A Lover's Embrace I | Micah Parker

Budget: 16" x 16"
Standard: 20" x 20"
Canvas: 20" x 20"

One of our most popular ketubahs, "A Lover's Embrace" by Micah Parker is a graphic, modern, minimalist design. Two trees with strong roots have grown intertwined together, in a lover's embrace, their delicate branches forming hearts in the trees' canopy. The ketubah text is divided in two on each side of the trees, with each language shaped to follow the artwork, and the text color compliments the colors in the design. The signature lines are artfully placed below the roots. Trees have a long tradition in ketubah design. Our artist had this to say: This design gave me the opportunity to combine my love of modern whimsicality with my passion for nature. When time allows, I love a good hike in the woods and greatly enjoy the intertwining sculpture of trees. I was fascinated on a recent hike to see a tree with branches that formed two loose hearts at the top, and as an artist that creates ketubot, I was struck by the intertwining symbolism of the tree of life and love, and couldn't wait to get back to my studio to bring the design to life.
In just a short period of time, Micah Parker has become recognized as a leading ketubah artist with fresh, stunning designs that are unlike any others on the market. His modern interpretation of this traditional art form is being welcomed by today's generation of brides and grooms around the world. One of his ketubah designs, Renaissance, is featured in the Associated American Jewish Museum's traveling exhibition of ketubot, and his work was chosen by a national search firm to be featured on the front cover of a 5760 Hebrew calendar. His artwork has also been featured in several publications and on television during TLC's A Wedding Story.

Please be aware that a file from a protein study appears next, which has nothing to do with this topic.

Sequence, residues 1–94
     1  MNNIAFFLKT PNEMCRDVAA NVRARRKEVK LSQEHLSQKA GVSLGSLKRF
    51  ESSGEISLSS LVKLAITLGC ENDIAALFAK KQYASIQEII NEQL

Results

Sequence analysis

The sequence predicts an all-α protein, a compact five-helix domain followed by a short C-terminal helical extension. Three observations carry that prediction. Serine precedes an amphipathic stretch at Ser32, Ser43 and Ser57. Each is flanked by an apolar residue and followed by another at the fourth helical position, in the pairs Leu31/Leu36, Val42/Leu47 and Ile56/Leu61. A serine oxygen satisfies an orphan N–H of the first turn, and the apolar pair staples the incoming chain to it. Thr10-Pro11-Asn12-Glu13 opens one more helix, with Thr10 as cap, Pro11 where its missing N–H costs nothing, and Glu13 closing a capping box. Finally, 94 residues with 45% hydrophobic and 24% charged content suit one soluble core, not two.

Micah is originally from Middletown, Ohio. There, he began his endeavors as an artist at the age of three. He moved with his family to Austin, Texas in the early 1980s, where his high school created a new art program to accommodate his desire to learn and the skill he exhibited with acrylics, colored pencils and pastels. As he completed his art education, he was eager to begin his career as an artist. However, at his parents' request, he entered the family manufacturing business. He worked there for 13 years, working his way up from installer to vice president.

After a long hiatus from the art world, he grew anxious to draw and paint again. He had also developed skills in the use of a new medium while working in his parents' business -- computer graphics. In his spare time, he began creating artwork on the computer. Although Micah was not satisfied with creating art on a part-time basis, he had no plans, at that point, to turn his endeavors into a business, particularly given the difficulties in leaving his family's firm. continue reading

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